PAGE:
Saturday, August 04, 2012

    Mysteries Of The Deep

    Porter Bay, Vermont
    44 13.82 N 073 20.60

    I've written before about our sandbox -- the region from 25 North to 45 North within which we migrate in search of nice weather. It may surprise you to hear this, but almost all of our offshore cruising in that sandbox is in shallow waters above the continental shelf. Indeed, except for a deep trench near Miami, the continental shelf along the US East Coast is hundreds of miles wide and almost all less than 100 feet deep. As we sail offshore north and south we are almost always in 60-90 feet of water.

    Now consider Lake Champlain. Most of the lake is more than 200 feet deep. Around here it is 300-400 feet deep. Combine that with the 95 foot elevation of the surface of the lake, and you see that most of the lake bottom is not only below sea level, but it is below the continental shelf level. Underneath our keel, the sea bottom is closest to the center of the earth here on Champlain, than on any other place from Maine to Florida.

    To be sure, that trench off Miami is plenty deep, and in the Gulf of Mexico we've sailed over 12000 foot deep trenches. Still, those are not the places we do most of our cruising.

    I've often wondered why and how Champlain came to be. It is sandwiched between two ancient mountain ranges, the Adirondacks, and the Green Mountains. I understand that the difference in age of the two ranges is about one billion years. Presumably, both ranges were formed when near the edge of a tectonic plate and involved collisions or subduction with another plate. Is Champlain the remnant of such a plate boundary? Was it carved so deep by the glaciers? Which plates collided when to form the mountains? Are the two mountain ranges parts of different plates or the result of a fold in the North American plate?

    I've read three books so far on Champlain and the geology of the region and I still don't have a clear answers to those questions.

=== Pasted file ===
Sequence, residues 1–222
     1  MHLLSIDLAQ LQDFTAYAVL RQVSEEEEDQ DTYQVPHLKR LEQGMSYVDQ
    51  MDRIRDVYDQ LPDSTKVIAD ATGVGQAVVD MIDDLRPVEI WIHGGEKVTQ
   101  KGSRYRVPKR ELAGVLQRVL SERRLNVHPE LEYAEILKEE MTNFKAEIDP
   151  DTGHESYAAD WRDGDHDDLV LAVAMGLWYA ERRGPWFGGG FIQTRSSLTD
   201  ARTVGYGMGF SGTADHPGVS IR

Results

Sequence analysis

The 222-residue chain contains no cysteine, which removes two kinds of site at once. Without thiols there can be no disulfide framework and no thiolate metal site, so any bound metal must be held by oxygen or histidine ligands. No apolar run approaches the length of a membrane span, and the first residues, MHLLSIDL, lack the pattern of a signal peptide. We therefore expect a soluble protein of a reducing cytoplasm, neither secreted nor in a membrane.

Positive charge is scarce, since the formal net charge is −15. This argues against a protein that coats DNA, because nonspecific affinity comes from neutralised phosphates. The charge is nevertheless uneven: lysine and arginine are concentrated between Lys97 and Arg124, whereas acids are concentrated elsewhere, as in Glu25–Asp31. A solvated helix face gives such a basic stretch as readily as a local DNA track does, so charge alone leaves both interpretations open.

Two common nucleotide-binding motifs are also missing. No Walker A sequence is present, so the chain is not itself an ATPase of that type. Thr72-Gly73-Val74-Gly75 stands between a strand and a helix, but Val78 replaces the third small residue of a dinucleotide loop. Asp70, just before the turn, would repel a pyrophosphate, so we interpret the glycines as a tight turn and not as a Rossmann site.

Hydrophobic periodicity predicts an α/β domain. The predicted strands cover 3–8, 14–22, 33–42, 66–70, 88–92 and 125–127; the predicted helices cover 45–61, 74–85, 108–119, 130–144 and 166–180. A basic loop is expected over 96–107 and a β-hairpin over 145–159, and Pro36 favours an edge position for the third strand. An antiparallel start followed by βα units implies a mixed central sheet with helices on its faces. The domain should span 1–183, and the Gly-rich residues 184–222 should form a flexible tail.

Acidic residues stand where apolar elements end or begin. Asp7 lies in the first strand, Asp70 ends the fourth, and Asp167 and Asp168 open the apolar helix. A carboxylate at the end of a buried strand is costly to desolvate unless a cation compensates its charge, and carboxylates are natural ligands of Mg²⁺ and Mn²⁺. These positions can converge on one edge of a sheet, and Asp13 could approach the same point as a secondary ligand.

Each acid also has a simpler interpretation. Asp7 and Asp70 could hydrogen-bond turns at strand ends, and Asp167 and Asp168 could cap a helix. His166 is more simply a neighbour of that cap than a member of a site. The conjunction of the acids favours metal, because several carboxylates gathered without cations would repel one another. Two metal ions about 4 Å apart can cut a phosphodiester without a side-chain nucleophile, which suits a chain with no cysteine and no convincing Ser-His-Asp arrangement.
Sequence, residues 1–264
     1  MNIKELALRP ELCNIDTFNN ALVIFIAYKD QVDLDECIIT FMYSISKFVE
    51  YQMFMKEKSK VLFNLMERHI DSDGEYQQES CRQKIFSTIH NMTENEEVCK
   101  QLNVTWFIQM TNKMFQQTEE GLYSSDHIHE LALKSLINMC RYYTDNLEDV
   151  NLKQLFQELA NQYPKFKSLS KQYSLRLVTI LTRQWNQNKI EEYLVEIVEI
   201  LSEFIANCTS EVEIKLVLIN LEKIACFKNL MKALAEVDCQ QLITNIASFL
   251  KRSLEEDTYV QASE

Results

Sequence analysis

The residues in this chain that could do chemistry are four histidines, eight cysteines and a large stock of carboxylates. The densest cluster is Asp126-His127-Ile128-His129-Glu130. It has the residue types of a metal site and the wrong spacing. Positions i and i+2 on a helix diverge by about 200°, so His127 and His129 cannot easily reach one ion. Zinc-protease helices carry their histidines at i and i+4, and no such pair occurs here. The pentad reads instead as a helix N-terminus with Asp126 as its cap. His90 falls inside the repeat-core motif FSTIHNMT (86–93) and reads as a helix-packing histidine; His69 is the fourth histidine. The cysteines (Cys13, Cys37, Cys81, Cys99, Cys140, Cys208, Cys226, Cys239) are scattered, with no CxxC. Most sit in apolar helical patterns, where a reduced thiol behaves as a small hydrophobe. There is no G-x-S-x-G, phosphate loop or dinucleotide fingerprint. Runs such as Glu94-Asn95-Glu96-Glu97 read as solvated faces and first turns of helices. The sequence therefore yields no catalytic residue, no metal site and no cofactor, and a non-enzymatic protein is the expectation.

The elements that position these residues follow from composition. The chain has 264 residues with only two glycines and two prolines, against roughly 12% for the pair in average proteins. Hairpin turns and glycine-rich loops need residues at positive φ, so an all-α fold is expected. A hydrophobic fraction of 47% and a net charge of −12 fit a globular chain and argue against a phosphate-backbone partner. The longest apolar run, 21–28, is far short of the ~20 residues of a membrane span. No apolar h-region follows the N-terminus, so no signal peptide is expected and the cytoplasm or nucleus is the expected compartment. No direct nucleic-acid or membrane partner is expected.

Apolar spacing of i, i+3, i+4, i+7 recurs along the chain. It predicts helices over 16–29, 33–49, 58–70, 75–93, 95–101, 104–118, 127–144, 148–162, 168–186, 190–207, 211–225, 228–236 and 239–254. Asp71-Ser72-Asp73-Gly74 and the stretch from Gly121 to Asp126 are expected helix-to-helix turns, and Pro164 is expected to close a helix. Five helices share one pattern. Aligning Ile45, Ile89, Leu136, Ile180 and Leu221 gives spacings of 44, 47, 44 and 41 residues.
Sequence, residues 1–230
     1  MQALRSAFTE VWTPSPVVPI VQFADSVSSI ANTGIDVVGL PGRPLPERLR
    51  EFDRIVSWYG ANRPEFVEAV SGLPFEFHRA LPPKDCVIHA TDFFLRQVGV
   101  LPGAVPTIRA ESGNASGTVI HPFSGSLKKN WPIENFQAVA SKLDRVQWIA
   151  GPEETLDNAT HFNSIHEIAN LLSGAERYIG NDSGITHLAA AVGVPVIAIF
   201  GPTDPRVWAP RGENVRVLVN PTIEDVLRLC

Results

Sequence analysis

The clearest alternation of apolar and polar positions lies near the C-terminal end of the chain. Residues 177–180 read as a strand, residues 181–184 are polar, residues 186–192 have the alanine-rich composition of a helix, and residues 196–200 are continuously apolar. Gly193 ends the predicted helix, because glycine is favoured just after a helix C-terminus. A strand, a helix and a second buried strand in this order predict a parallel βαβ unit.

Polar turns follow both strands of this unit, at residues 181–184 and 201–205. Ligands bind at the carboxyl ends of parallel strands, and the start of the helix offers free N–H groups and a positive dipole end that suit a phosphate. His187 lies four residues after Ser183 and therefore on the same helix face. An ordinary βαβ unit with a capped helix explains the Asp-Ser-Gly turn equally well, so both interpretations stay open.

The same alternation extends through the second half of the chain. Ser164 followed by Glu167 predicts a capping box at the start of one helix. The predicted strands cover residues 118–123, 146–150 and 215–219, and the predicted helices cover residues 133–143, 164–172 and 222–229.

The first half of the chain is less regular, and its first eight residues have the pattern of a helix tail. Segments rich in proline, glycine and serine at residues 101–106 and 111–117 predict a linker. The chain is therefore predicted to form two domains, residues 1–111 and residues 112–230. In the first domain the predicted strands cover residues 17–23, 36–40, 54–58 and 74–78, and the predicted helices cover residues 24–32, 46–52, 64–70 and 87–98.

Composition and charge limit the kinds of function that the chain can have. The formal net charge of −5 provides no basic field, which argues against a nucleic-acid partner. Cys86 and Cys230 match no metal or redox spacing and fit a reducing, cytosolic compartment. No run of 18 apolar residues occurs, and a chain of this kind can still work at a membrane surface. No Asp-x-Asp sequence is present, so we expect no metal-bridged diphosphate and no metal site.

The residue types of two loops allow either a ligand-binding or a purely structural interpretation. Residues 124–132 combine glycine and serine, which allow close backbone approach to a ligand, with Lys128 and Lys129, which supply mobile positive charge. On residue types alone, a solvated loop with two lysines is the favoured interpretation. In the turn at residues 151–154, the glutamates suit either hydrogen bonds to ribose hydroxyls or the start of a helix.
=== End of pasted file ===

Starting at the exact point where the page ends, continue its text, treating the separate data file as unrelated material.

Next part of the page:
At one point in the past, Champlain was sea bottom, part of a vast bay extending down from the Newfoundland direction. I do not know if that was because sea levels were higher or land levels were lower. At another time, Champlain was also part of a vast fresh water lake of glacial melt water. At some point in the near future, it will rise high enough to drain south into the Hudson as well as north into the Saint Lawrence.

    Friday, August 03, 2012

    The CCLI

    Vergennes, VT
    44 10.17 N 073 15.48 W

    I assume that everyone is familiar with the cost of living index, CLI.   In several cases, there are specialized CLIs for different groups that purchase differing packages of goods and services.  Why not one for cruisers?

    That is a beautiful lead-in for a well researched piece on the CCLI complete with numbers, and graphs.   Sorry to mislead you, I did no such research today.  Perhaps some other time.   Instead, I want to gripe about two major items we need for the boat that have skyrocketed.

    10 days ago, our house battery bank abruptly started behaving poorly.  When we woke up after a night at anchor, there was barely enough juice to start the engine.  I have two house batteries, and a third emergency starting battery.  The emergency one didn't work well either.  Sigh.